A new survey of young Australians has revealed how acne is affecting their self-esteem and social media habits. Young people with severe acne are highly likely to edit photos of themselves and choose not to upload their photos onto social media.
They were also more likely to experience difficulties meeting new people or finding a partner, said Dr Rhiannon Russell, a resident medical officer at The Wollongong Hospital, who led the study.
Acne affects 90% of adolescents and previous research has shown that acne can negatively affect confidence, self-esteem and body image. This survey, however, is one of the first to examine the impact of acne on relationships and social media use among young people
Acne can have a huge impact on confidence and self-esteem, and that was reflected in the survey responses.
Dr Russell asked young people aged 18-26 who were living with acne if they found it hard to meet a partner. The more severe the acne, the harder it became, she said.
“For people with severe acne, 50% of those respondents said they find it difficult to go out in public, and 67% of them said it was hard to meet new people”.
More than 80% of people with severe acne said they had significant difficulty engaging with their gender of interest. For people with mild acne, only a third said they had difficulty meeting new people or finding a partner.
“People with severe acne found it very difficult to meet a partner because of their acne, whereas it wasn’t really a limitation for people with mild acne.
Less than 50% of people with fluctuating acne said they had trouble meeting someone, Dr Russell said. Among people with fluctuating acne, 70% said they also had difficulty continuing engagement with their gender of interest.
Dr Russell said social media could be a minefield for young people challenged by body image issues, and for young people with acne this was particularly difficult.
“We found that individuals’ social media use and behaviour changed depending on the severity of their acne and skin breakouts.”
For young people with severe acne, 100% chose not to include a photo of themselves on social media when their acne was visible.
“But interestingly, even in the mild acne group, 59% of them said they still wouldn’t include a picture, even though their perception of their acne was mild,” Dr Russell said.
“If a photo of them was uploaded many would choose to delete or untag those photos. This was the case in more than 50% of circumstances for people with mild acne, and once again 100% of people with severe acne would do this altering behaviour.
“We found that behaviours altered significantly in people with mild to severe acne, and in most of the cases people with severe acne would significantly alter their behaviour in some way.”
More than 75% of young people with moderate and severe acne altered, cropped or edited photos of themselves before sharing them on social media.
Perhaps surprisingly, people with fluctuating acne were the most likely to edit photos, with 92% altering, cropping or editing photos of themselves.
“For someone with fluctuating acne, they have days when they feel they look good and things are going well, but then they have days when they don’t, but they prefer to look like when their acne is well controlled.
Dr Russell said despite clear concerns about their appearance, most young people with acne would still choose to stay on social media.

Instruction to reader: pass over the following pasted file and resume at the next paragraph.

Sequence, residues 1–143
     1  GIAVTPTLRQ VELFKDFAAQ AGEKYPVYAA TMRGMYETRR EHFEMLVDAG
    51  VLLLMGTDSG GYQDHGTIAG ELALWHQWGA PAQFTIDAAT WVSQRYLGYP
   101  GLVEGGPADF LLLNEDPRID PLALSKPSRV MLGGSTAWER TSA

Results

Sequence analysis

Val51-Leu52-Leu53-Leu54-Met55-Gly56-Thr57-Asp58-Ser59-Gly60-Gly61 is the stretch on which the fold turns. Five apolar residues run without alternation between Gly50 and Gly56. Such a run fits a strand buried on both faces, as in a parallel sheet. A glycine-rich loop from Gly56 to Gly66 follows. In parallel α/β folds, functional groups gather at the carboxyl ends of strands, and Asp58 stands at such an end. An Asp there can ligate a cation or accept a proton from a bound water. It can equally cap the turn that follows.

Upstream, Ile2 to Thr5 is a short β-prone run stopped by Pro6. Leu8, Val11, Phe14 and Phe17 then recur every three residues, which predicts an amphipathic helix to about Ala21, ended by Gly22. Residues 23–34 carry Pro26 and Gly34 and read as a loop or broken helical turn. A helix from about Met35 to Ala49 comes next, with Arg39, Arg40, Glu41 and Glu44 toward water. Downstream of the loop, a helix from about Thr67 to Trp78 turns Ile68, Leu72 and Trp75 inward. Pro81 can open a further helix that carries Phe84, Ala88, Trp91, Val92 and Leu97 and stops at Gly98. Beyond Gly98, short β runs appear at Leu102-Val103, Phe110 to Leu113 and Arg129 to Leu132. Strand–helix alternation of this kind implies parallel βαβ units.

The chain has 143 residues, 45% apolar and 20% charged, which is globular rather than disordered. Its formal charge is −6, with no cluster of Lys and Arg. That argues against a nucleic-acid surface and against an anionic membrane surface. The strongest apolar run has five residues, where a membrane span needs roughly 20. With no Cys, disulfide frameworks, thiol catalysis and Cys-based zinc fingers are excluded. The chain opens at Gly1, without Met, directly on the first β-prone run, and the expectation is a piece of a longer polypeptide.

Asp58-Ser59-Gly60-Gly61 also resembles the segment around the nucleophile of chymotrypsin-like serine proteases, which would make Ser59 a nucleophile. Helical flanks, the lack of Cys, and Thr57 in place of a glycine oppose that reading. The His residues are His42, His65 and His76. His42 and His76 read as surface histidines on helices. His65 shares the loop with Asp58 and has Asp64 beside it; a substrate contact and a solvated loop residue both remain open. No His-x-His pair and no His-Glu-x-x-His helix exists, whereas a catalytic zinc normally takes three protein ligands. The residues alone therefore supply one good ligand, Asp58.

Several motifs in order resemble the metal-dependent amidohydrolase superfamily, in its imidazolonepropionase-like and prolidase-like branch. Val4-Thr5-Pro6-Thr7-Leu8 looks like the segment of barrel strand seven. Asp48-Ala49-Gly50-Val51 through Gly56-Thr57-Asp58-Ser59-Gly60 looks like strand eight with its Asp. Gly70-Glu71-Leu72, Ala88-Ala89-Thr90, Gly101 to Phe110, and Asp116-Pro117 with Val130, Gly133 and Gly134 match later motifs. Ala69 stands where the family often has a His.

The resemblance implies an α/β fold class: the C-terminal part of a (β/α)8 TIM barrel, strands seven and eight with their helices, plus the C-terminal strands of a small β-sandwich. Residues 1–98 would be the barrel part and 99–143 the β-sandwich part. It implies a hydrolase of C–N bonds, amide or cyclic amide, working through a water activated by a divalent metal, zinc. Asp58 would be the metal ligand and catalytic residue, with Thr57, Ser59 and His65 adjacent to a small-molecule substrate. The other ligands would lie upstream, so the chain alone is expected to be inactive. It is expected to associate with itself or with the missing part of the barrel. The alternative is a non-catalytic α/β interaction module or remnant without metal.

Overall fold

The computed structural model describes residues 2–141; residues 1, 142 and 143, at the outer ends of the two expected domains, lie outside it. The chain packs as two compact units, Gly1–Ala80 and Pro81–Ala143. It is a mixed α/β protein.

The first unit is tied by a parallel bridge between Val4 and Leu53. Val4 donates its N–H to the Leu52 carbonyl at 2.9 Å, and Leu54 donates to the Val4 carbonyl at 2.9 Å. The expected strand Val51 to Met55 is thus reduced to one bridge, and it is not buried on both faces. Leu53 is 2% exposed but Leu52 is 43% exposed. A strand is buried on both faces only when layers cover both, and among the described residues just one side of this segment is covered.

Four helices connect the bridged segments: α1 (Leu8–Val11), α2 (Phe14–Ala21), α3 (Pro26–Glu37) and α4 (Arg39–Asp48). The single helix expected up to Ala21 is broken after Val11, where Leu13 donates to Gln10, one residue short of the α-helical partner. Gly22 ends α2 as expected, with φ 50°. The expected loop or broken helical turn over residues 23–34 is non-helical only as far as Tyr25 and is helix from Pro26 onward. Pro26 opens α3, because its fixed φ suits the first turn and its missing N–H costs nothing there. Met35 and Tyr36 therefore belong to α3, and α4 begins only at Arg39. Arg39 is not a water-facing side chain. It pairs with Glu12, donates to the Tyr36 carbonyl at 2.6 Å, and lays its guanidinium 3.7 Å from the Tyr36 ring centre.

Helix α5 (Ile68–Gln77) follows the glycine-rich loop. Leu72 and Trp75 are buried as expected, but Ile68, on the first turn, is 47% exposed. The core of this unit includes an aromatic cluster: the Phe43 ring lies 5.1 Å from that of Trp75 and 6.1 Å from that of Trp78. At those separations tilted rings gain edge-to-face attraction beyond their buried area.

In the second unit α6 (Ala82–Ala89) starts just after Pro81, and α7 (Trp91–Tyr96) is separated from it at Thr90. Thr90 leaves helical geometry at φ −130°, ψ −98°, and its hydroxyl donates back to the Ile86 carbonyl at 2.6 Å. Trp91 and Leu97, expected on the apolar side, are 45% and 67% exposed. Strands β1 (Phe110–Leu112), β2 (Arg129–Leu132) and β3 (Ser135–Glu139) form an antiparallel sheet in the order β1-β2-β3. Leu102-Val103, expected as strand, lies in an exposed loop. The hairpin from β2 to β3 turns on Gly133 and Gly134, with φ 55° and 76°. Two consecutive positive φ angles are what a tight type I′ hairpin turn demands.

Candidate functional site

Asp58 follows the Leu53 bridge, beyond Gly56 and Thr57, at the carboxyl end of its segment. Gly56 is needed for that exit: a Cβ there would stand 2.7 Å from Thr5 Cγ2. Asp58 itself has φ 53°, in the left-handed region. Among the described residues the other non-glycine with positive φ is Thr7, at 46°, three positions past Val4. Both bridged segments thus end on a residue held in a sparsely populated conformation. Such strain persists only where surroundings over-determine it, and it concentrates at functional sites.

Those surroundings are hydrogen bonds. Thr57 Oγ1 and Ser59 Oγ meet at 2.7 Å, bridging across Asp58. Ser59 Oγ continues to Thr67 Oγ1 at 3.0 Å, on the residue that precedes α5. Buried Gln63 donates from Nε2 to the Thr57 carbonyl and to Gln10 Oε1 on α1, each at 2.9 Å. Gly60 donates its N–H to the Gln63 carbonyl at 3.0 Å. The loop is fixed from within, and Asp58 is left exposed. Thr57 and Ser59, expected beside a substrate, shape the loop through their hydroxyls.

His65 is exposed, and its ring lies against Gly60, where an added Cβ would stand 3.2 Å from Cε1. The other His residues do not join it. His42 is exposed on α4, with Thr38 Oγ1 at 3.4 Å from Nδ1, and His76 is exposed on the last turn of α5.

However, many said they often avoided having their photo taken. Among people with severe acne, 66% avoided photos all the time, compared to 40% of people with mild acne.
While younger people are all too aware of the pervasiveness of social media, clinicians often don’t realise how much it influences body image and self-esteem, Dr Russell said.
“When dermatologists and GPs see young adolescent patients, it’s important to acknowledge that their acne may be really upsetting.”
It would help patients if clinicians acknowledged how social media affects people with challenging skin conditions, she said.
“It can also be helpful to talk about social media, and that the photos we see on social media aren’t necessarily what people look like in real life.”
Having examples of photos that aren’t airbrushed or altered and comparing them to photos that are airbrushed can be helpful to young people, she said.
“Educate people from a young age that what you see on social media isn’t always necessarily true.”
Young people need more than just the medical management of their acne, Dr Russell said.
Clinicians can also use questionnaires to find out how much acne is affecting their patients’ emotional wellbeing, Dr Russell said. That’s particularly important for people with severe acne, she said.
“Use a multidisciplinary approach to treating acne, including psychological support, rather than just treating the physical symptoms.”
As social media becomes more of a presence in the lives of young people, its effect on self-image and self-esteem will become even more pervasive, she said.
“Social media plays such a significant role in many people’s lives and influences their behaviours, such as what they’re looking at, what they want to wear and what they want to be.”
If you’ve been avoiding people because of your skin, or worried or concerned about acne or some other skin condition, then talk to your GP.
And if you’re not seeing a dermatologist already, ask your GP for a referral so your acne can be assessed and treated. There are plenty of treatments available that can improve your skin and help manage your acne.
If your skin is getting you down, you can also contact Beyond Blue on 1300 22 4636 or Lifeline on 13 11 44 – they’re both open every day, 24/7.
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